Trim marks should indicate where the final page is to be trimmed, should be .25 to .5 pt in width, and start at least 1/8″ past the edge of the sheet. For most documents, it is sufficient to define the document size to the paper (final trim size), draw bleeding objects past the edge of the page, set bleed for the document specs, and allow the application to add the bleed and trim marks in the proper location during printing.

For special situations, such as documents created in applications that don’t define a page size (e.g. Photoshop) it will be necessary to extend the graphic area and draw trim marks yourself. When creating PDFs, be aware that by default PDFs are created and displayed cropped down to the trim size. Be sure to include bleed and trim marks when generating PDFs for designs that bleed, or else carefully enlarge your document page size and draw accurate trim marks before exporting.

Spot Colors

In offset printing, a spot color is any color generated by an ink (pure or mixed) that is printed using a single run. The process of offset printing in full color consist of Cyan, Magenta, Yellow and Black (CMYK). When the need to match a particular color (a background or specific color in a logo or company color) on a printed piece, the use of a spot color is utilized. The main reason that the spot color is utilized is to maintain the color fidelity or accuracy of the color throughout the print run. The printer needs to have a special file created for the spot color in addition to the CMYK colors. This spot color will eventually be a plate that utilizes an extra printing unit on the press to print the color to the printed sheet.

There are several systems developed and in place for matching specific spot colors in the industry. In North America, the most common have been designed by Pantone Inc. The matching system developed by Pantone is called “Pantone Matching System” (PMS) and this system has approximately 1,000 different pre-defined colors that can be mixed with an array of base inks that are called “Pantone Colors” – these Pantone colors are the base inks that are sold by the company. A printer normally refers to the PMS number of the ink in the specification. Once the specification is established, the client and the printer refer to the color by its PMS number.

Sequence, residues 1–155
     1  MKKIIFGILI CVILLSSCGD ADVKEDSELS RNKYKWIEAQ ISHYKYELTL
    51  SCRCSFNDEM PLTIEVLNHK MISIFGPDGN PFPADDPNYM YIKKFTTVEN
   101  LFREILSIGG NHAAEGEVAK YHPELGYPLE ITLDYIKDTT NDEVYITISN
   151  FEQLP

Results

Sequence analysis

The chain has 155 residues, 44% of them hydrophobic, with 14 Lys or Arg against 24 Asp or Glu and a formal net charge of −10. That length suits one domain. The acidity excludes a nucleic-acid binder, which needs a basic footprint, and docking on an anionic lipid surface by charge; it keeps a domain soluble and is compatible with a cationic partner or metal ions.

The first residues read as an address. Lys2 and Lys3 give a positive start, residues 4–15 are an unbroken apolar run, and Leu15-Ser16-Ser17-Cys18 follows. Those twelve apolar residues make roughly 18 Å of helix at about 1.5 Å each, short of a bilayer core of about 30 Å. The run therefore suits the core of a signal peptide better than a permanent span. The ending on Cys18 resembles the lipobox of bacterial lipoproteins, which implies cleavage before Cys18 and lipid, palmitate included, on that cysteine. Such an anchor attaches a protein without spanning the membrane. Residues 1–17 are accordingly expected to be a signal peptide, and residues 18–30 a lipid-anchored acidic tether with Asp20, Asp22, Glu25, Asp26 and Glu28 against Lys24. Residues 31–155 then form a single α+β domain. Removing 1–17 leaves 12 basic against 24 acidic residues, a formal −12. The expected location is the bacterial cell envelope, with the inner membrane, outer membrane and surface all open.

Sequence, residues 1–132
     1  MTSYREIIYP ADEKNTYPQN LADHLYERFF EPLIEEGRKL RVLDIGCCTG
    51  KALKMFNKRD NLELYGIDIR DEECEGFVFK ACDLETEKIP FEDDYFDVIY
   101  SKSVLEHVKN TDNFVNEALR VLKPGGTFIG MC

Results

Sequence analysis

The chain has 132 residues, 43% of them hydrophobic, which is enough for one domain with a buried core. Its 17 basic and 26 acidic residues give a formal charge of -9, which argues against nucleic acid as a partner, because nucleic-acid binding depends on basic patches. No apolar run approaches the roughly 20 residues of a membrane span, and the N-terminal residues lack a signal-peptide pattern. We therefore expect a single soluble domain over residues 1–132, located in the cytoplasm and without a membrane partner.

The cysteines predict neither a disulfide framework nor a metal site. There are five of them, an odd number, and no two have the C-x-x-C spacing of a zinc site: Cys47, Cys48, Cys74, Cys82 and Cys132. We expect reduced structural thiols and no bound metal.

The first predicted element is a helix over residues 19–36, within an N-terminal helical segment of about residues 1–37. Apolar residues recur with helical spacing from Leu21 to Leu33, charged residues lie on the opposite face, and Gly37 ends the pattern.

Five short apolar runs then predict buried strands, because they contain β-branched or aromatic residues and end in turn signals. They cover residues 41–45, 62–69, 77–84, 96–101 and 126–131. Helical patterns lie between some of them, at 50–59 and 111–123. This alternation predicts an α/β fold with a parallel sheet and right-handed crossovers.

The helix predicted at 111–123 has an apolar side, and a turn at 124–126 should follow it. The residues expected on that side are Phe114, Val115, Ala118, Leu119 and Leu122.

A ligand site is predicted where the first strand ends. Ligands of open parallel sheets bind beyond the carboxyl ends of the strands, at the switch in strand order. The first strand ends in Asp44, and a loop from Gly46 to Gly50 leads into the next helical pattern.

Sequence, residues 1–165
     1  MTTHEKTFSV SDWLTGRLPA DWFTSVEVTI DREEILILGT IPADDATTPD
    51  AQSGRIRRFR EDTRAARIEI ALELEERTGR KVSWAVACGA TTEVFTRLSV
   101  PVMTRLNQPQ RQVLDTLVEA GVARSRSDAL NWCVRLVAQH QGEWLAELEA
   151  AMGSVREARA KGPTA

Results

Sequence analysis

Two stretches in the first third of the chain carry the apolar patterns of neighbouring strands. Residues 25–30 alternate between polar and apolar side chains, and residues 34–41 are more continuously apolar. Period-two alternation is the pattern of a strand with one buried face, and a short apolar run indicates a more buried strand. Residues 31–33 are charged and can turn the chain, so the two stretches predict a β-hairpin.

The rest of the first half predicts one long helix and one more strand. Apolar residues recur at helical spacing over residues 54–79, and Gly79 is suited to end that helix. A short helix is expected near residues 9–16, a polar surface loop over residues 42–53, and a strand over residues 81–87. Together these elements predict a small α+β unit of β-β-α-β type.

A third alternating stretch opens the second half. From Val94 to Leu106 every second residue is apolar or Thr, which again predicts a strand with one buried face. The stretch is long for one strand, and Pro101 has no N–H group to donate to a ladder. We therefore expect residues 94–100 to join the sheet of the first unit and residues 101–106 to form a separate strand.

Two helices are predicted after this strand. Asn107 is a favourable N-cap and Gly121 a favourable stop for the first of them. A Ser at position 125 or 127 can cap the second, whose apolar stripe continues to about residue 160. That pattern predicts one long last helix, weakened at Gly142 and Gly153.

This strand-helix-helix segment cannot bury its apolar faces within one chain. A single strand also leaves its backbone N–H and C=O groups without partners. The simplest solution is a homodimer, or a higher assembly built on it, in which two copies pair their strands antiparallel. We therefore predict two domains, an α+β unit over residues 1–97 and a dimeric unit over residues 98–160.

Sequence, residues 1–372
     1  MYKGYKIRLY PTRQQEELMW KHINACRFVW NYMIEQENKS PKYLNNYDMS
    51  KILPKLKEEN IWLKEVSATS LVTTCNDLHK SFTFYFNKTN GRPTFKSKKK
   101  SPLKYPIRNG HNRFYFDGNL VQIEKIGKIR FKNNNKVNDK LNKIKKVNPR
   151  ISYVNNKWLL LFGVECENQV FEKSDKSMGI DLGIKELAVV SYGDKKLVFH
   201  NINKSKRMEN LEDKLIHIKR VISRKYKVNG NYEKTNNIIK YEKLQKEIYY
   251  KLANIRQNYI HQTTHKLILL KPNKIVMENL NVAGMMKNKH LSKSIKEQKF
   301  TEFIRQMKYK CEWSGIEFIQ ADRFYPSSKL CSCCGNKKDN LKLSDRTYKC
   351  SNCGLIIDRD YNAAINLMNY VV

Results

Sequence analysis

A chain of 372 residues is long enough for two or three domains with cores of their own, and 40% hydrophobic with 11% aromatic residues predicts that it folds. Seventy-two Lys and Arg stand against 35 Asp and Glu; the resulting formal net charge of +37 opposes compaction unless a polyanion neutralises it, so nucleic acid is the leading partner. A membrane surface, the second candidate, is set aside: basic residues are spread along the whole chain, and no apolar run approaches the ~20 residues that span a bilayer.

The PMS color mixed to achieve a color on coated paper will print with a different hue and density on offset stock, non-white or off white stocks. This is the reason that the company that establishes these matching standards offer color swatch books in both offset and coated stocks. Cox utilizes a computerized system to achieve the exact color that is required, thus reducing errors.

File Formats

We prefer Press Ready PDF files (with bleed included, all fonts embedded in single page format), supplied along with their native files in case they are needed for alterations. These guidelines will help define our meaning of “Press Ready” and will also help you to understand any art charges that might be applied to your order. If you have any questions or concerns please do not hesitate to call or email us at

  • We support all versions of Adobe Creative Suite
  • Please use the Collect for Output or Package Function of  your application and allow the application to collect the components of the job instead of trying to find and collect every piece yourself. You will find this to be a tremendous time saver both on your end and ours.
  • All Offset printing files should be supplied with supporting artwork in CMYK format with an effective resolution of 300dpi or better for photographs, 600dpi or better for line work or logos. “Effective Resolution” means resolution at final output size, taking into account scaling of the original image in the layout document.
  • For digitally printed jobs RGB images in a color managed workflow are converted by the rip and are therefore accepted, any questions, please contact for information.
  • If your project bleeds please include 1/8″ bleed allowance all around. If you do not understand bleed please see our “Bleed Example” document.
  • If your project is to print using spot colors a PANTONE (PMS) number is required. All items to print in that color must be set up with the same color designation. Please check separations of your file prior to sending it.
  • Conversely, if your offset printed project is not to print with spot inks, all colors should be converted to process. For digitally printed jobs keep the spot colors in the files so the rip can manage the color matching.

Again, if you have any questions or concerns please do not hesitate to call or email us at